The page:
Tech in the time of climate woes

Gates’ book and his wide-ranging influence through their foundation have implications for acceptability and adoption of certain geoengineering methods that he advocates.
For representational purposes
For representational purposes

More than 200 years ago a volcanic eruption on Mount Tambora in Indonesia enveloped the planet with swirling dust and sulphurous gases, blotting out the sun, leading to what is known as ‘The Year without a Summer’. Average temperatures plummeted. There were severe food shortages in Europe and China. The strange weather, as Amitav Ghosh mentions in his book, was also the setting for Mary Shelley to begin writing the first great work of science fiction, Frankenstein, or The Modern Prometheus. Today, climate engineers inspired by the sun-dimming properties of atmospheric particles are counting on it as a possible means to counter the heat being trapped by our high consumption industrial civilisation. This is cause for serious worry.

Fighting climate change by controlling the amount of sunlight hitting earth or capturing and locking away carbon has been called geoengineering and its advocates include many an interesting character among them erstwhile climate deniers and fossil fuel producers. However, the most recognisable face in this group is Bill Gates, co-founder of Microsoft. In his new book, How to Avoid a Climate Disaster: The Solutions We Have and the Breakthroughs We Need, Gates while arguing lucidly about the need to target zero emissions, goes on to suggest solutions like ‘faster and smarter’ deployment of solar and wind besides proposing the need for supplementing with ‘breakthrough’ technologies. Among these are carbon capture and storage.   

In the troubled road to climate justice, where activism of the young clash with politics, economics and vested interests, the proponents of geoengineering seem to appear like guardian angels with their sulphate spraying F-15 Eagles or bioluminescent algal blooms from ocean-seeding experiments, purveying hard-to-test fantasies in the darkness of our carbon nightmares. Their redeeming mantras call for fertilising the ocean with iron to spur the growth of carbon-hungry algae, capturing carbon from natural gas, planting of genetically modified waxy crops to reflect sunlight, sending giant mirrors into orbit or artificially brightening clouds to reflect the sun. The immediate problem with such measures is that they can act as a licence to pollute more and continue in the trajectory of high consumption, fossil fuel-driven economic growth.  

Gates’ book and his wide-ranging influence through their foundation have implications for acceptability and adoption of certain geoengineering methods that he advocates. Apart from techno-utopianism and his focus on private entrepreneurship for solving climate change, a credibility issue stems from the fact that the Bill and Melinda Gates Foundation Trust has substantial holdings in Berkshire Hathaway, which invests in natural gas, and in a railway company which transports coal and petroleum.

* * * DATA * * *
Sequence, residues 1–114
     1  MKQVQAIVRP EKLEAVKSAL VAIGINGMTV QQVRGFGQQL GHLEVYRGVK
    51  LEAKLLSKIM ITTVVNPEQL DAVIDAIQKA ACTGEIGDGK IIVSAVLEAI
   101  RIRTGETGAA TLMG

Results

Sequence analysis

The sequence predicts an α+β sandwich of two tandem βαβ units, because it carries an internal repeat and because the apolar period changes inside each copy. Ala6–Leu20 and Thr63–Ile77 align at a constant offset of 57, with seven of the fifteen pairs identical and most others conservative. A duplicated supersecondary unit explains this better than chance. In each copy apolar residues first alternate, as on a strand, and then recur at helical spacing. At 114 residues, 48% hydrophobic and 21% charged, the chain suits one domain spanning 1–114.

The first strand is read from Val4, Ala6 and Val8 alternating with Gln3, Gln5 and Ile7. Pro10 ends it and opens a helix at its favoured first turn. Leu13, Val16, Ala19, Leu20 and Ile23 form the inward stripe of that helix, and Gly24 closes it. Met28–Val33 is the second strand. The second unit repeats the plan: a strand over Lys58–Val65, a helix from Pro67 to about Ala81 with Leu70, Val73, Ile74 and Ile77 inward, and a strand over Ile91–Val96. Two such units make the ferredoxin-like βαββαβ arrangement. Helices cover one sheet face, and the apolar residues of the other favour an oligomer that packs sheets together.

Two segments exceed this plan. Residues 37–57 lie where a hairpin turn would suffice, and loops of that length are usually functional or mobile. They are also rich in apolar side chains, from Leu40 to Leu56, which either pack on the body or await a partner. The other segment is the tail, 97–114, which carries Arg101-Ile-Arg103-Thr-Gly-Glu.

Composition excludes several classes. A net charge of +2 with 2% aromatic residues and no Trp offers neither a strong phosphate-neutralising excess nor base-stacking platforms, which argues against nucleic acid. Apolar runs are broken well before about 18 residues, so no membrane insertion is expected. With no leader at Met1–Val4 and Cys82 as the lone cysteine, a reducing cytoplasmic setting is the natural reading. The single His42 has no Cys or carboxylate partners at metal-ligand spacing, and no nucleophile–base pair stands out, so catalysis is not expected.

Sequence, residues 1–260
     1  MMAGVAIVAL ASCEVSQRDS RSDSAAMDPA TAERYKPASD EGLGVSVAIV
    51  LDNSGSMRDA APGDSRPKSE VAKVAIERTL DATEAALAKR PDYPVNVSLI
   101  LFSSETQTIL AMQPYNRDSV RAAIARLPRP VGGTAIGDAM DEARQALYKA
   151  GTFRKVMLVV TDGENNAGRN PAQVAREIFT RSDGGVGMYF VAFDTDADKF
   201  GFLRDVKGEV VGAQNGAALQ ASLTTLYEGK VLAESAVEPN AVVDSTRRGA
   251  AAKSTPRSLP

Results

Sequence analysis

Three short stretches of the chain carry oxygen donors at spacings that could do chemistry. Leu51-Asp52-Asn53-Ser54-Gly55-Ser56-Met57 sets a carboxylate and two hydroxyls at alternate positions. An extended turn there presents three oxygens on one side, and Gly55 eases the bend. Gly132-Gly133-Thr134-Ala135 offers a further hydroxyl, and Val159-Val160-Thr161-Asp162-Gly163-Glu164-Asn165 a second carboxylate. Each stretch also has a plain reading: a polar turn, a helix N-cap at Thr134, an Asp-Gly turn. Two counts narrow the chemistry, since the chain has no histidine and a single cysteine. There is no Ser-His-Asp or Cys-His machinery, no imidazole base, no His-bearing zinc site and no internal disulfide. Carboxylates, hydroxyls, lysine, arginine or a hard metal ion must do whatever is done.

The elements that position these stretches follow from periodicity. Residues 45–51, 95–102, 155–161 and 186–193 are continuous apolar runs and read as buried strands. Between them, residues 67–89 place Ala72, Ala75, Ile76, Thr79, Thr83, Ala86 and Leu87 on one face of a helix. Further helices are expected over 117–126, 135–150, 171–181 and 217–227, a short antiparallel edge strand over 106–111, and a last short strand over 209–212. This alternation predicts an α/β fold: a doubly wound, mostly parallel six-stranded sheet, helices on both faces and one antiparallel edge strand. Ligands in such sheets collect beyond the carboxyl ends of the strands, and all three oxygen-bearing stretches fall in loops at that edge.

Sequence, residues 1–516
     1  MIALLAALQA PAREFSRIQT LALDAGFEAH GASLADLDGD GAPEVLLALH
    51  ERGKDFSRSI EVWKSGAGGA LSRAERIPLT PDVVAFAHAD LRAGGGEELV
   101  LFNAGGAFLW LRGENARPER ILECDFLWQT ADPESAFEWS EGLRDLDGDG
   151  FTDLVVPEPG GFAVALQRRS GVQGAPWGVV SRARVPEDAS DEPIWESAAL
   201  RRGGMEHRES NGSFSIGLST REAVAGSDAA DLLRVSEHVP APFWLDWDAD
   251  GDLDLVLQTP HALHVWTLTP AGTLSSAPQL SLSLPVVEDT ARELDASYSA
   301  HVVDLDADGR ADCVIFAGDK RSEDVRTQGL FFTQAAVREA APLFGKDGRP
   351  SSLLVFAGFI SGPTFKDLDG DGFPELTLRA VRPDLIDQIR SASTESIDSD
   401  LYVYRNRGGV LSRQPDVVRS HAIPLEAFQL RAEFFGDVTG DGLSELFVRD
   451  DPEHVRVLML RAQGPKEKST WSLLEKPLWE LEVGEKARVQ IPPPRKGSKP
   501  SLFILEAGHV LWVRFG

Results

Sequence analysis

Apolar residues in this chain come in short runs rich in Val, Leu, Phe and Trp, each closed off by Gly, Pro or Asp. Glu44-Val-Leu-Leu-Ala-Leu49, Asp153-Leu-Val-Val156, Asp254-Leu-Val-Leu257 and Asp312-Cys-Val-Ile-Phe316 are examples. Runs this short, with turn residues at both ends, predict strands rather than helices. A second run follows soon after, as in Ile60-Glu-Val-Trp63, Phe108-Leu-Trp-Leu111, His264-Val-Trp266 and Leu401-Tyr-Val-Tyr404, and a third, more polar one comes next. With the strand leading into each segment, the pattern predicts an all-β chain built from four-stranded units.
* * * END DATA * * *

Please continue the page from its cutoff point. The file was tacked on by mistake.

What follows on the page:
Later this year, the Gates-backed SCoPEx project plans to send up balloons from a small Swedish town to the upper atmosphere where they will test how calcium carbonate, which can reflect sunlight, interacts with its environment. Activist groups are naturally up in arms against such experiments as the effects of many geoengineering measures are unpredictable and hard to test at small scale, necessitating invocation of the precautionary principle. For example, it has been pointed out that aerosol spraying in the upper atmosphere of the Northern hemisphere can trigger droughts in the Sahel region of the Sahara, not to speak of the dystopian possibilities of a rebound effect when such measures are abruptly terminated.         

Also, any kind of major geoengineering effort is fraught with the problems of ownership, rules and rights, including rights to land. Who will own, regulate and govern such efforts that have implications on a global scale? How do we guarantee that people and not private profit motive will have a say? What if geoengineering is weaponised?

Most importantly, why at all opt for geoengineering when alternatives are available? From agroecology to reduced consumption and increasingly cheaper renewables, from cutting emissions to planning for de-growth, there is a whole menu of possibilities and community-driven initiatives that can be employed to tackle climate change without help from fancy technologies. The planet is already buckling from the heat of a wrong technological turn taken at the dawn of the industrial revolution and there is only folly in deploying utopian machinery in repairing the damage this has done. Leaving it all in the hands of corporates could just add fuel to that fire.

Rajat Chaudhuri
Writer and climate activist

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